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The Art of the Con
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Step 1: a talented but impoverished artist (Peri-Shen Qian) or a talented and egotistical artist (Wolfgang Beltracchi)
produces realistic ("in-the-style-of") versions of famous or nearly-famous (dead) artists.
Step 2: an unscrupulous dealer adds provenance (a convincing back story) and sells forgeries to credulous nouveau riche.
Step 3: doubts arise as to the veracity of the provenance; scientific tests are commissioned, and the painting(s) are found to have anachronistic pigments.
Step 4: lawsuits and prosecutions ensue; perpetrators end up in jail.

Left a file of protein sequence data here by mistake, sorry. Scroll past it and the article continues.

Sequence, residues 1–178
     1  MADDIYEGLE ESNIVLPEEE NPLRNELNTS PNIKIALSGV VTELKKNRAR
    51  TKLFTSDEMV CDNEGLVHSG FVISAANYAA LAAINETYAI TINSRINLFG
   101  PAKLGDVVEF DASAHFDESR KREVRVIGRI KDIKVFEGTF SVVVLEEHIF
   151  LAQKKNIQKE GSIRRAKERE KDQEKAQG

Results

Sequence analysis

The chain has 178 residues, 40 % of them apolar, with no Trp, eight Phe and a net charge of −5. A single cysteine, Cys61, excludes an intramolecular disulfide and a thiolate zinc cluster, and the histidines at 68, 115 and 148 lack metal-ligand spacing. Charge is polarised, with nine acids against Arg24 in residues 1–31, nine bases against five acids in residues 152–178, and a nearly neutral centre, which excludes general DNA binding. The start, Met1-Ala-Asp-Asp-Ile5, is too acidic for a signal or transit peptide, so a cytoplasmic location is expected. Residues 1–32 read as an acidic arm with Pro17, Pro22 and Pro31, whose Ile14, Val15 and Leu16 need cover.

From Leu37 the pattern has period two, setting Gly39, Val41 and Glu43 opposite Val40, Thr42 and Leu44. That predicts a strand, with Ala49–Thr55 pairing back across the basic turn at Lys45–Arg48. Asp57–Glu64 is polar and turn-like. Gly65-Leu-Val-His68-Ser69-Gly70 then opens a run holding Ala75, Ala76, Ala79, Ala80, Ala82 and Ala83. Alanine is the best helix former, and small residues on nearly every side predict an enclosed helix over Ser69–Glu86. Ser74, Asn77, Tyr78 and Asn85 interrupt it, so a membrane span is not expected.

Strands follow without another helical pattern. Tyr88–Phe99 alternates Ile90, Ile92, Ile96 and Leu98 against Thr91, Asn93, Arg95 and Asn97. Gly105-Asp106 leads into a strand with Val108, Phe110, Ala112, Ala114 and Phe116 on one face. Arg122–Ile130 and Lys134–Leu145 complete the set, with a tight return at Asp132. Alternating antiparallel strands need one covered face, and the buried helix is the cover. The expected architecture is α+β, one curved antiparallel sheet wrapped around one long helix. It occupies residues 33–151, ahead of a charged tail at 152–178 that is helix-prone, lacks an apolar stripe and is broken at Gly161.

Step 5: the artist becomes a romantic figure (John Myatt) and, after release, embarks on a profitable career selling 'real' fakes.
(Step 5b: the fakes become worth faking: a NZ gallery was forced to withdraw a painting attributed to a forger when it was found that it was in fact a forgery of the forgery.)
Ely Sakhai had a twist to standard scam: he actuallyowned the original. He got Chinese students to copy both front and back of his painting, then he used his own provenance record to sell the duplicate. Eventually however, a client would see "his" painting in an auction catalog and call in investigators.
Picasso is comparatively easy to forge. So prolific that there is no register of everything he produced - less than half of an estimated 50,000 works. As well, Picasso is the most-stolen artist: as of 2012 there were 1147 Picassos listed as stolen on the Art Loss Register (ALR).
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